After much online research and reading many reviews, we decided to try two different payloads. The first was our trusty NEX-3N + 16mm f/2.8 lens, but with the addition of a 0.75x wide-angle converter. We kept the camera in shutter-priority, but changed the shutter speed to 1/500s and auto-ISO (capped at 3200). We also decided to switch to continuous-shutter mode and enabled auto-exposure bracketing (+- 0.3 EV) with a center at -0.3 EV.
We modified the arduino intervalometer sketch to hold the shutter line low for two seconds. This triggered a burst of three shots — one at -0.3 EV and two bracket shots at -0.7EV and 0EV. We found the best shots were either at -0.3EV or -0.7EV.
|Center Exposure (-0.3 EV)|
|Low Bracket Exposure (-0.7 EV)|
|High Bracket Exposure (0.0 EV)|
Of course, with these settings, we captured nothing but darkness for the first half hour of flight:
For our second sunrise camera, we decided to try the Canon EOS-M paired with a manual-focus manual-aperture Rokinon 12mm f/2.0 lens. It's neither the lightest nor the best mirrorless camera available, but it has one very unique quality: thanks to the efforts of the team at Magic Lantern, it's fully programmable. This meant we would be able to experiment with many more combinations of ISO and shutter speeds to see what worked best for low-light ballooning.
Unfortunately, the EOS-M port of Magic Lantern is still a bit rough around the edges, and one of the main things it lacks is support for a simple script interpreter. Which meant if we wanted to program it, we'd have to be compiling and loading our own binary module — wooooo!
This sounded like an intimidating task, but the Magic Lantern community forums were super helpful and had a great guide to get new developers started.
With a weekend of hacking, we had our very own custom intervalometer module which seemed to work great, cycling through five different shutter speeds (1/4000, 1/2000, 1/500, 1/250) with auto ISO (capped to 3200) to cover our full range of shooting situations.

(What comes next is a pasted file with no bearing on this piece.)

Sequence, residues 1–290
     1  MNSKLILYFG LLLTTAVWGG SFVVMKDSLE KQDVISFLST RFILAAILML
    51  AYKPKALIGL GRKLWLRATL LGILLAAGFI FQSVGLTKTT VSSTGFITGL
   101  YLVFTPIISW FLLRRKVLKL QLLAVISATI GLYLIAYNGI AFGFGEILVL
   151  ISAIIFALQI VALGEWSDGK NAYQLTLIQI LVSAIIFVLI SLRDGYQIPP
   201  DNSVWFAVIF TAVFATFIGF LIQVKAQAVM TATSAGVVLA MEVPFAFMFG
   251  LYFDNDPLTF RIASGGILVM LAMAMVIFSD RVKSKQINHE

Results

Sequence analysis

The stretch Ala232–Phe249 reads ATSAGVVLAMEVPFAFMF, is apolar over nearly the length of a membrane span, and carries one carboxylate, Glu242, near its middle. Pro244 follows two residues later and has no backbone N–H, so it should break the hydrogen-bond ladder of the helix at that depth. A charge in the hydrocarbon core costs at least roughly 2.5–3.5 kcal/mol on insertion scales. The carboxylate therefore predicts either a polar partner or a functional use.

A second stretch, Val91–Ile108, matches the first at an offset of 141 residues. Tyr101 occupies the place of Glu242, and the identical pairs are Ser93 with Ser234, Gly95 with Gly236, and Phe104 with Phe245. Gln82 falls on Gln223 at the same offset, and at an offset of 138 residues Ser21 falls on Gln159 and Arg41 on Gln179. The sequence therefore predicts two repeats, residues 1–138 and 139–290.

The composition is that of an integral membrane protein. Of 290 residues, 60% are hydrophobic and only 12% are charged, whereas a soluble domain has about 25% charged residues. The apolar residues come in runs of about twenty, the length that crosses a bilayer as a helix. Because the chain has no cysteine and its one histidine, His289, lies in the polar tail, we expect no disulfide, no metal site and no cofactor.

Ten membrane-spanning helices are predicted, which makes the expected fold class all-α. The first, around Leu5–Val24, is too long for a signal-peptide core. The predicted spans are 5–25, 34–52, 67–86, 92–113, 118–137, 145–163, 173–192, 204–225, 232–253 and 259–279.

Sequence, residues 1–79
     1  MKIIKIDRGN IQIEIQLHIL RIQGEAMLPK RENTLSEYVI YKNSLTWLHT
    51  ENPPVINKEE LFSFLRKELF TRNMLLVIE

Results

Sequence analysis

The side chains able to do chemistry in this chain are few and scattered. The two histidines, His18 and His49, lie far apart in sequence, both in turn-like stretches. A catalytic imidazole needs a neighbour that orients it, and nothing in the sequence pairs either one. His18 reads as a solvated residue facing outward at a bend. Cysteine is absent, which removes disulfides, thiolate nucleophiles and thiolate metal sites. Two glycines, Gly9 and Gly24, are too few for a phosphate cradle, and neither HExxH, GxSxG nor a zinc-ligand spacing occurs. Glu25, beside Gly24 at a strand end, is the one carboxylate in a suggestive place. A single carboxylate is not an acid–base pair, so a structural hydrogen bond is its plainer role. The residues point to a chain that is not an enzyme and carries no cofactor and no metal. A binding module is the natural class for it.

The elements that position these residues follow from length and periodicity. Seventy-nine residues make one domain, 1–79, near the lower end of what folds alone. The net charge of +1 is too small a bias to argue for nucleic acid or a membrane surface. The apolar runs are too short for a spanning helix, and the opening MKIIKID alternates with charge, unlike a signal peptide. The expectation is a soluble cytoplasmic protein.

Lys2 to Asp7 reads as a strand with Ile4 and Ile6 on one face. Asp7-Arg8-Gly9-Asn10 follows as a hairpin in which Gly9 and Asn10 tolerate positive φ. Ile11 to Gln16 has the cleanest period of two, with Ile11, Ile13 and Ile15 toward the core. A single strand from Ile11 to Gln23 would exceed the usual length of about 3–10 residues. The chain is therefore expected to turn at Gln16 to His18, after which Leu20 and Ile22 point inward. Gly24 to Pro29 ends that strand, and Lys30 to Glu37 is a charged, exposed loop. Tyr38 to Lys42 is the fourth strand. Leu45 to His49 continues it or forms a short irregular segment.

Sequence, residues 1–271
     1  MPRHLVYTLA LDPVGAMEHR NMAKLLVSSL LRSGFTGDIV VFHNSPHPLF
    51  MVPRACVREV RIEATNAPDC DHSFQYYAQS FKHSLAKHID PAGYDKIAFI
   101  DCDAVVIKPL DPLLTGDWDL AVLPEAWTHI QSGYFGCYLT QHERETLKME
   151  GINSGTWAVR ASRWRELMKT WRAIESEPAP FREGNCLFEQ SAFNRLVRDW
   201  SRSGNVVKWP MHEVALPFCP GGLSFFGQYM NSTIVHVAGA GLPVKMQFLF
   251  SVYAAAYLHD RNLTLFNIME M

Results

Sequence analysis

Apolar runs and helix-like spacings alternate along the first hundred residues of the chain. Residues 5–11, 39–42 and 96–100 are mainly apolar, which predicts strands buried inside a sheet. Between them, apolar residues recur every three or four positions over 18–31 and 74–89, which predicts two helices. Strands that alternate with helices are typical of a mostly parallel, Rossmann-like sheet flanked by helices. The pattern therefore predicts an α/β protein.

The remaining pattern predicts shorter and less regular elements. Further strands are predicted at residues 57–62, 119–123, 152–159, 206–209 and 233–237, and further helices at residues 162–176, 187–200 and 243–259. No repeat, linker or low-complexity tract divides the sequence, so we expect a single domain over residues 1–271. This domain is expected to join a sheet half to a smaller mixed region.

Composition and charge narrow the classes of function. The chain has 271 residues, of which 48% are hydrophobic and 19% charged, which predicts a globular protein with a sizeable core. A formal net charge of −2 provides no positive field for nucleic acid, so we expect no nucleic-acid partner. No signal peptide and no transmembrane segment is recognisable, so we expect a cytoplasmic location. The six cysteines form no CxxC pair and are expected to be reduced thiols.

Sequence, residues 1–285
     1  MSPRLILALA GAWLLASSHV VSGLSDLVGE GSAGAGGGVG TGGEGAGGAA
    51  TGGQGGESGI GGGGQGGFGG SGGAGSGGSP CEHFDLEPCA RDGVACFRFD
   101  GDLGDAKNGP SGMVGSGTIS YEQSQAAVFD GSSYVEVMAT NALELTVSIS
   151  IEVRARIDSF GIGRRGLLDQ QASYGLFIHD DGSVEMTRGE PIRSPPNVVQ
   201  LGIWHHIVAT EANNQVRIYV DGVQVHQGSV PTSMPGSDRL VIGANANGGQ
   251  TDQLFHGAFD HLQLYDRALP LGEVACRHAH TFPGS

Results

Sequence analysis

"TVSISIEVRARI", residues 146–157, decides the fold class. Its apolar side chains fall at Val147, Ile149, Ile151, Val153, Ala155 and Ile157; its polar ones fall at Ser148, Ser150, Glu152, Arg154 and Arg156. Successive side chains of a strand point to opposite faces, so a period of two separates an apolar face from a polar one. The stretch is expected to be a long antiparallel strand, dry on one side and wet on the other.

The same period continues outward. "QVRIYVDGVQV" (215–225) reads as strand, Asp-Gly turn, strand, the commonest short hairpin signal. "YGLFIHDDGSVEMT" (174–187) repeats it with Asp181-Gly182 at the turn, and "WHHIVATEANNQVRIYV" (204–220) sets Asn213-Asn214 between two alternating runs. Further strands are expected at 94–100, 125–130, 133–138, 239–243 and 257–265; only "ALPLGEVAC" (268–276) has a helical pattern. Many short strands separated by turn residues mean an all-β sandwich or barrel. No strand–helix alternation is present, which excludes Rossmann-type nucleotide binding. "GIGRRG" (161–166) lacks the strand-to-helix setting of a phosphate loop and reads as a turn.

This module worked great when bench-testing sunrises and sunsets on the ground. But unfortunately something changed between our ground tests and launch day, and though the intervalometer script ran perfectly, the camera simply ignored the shutter settings and chose to set them automatically. As a result, most of our photos were exceptionally blurry:
Sometimes we got lucky, though — this shot wasn't too bad given a 1/20s shutter:
We also learned that sunrises themselves are exceptionally hard to capture because of the ridiculous dynamic range necessary to capture a dark ground and a sun peeking over the horizon. In most cases we just saw pretty abstract color patterns rather than anything resembling landscape.
We also had to deal with a ton of lens flare on both cameras — shooting into the sun is not easy!
But despite all these challenges, we learned that the absolute best view of the California landscape comes during twilight hours. Look at the way the light highlights the texture and colors of the ground:
Our fourth launch focused less on photography and more on improving our tracking software and system. But we still got some great photos from all of our phones as well as our one Android-equipped camera.
We were hoping to get some awesome video from this launch by putting a GoPro Hero 4 Black in each payload, all running at 4K 30fps. We equipped them with 3x sets of battery packs and 128GB SDXC cards, which provided up to 6 hours of continuous recording in our ground tests.
Unfortunately, one thing our ground tests didn't take into account is that the GoPro Hero 4 Black has a terrible overheating problem, which makes the 4K 30fps mode unusable for anything other than short bursts. After running into this problem the hard way with three payloads' worth of missing footage, we learned that this is a known issue. The fix according to GoPro is simple — "only use the camera for short clips", thus leading to the nickname "NoGo Hero 4 Black".
We have many more photography-related experiments for upcoming launches, including:
- Fix the Magic Lantern module and get some quality sunrise or sunset shots
- Add an IMU (gyro/accelerometer) to the intervalometer Arduino and program it to trigger photos only when level or relatively motionless
- Try to stitch together 360-degree panoramas
- Experiment with live-streaming FPV
- Try out a lightweight gimbal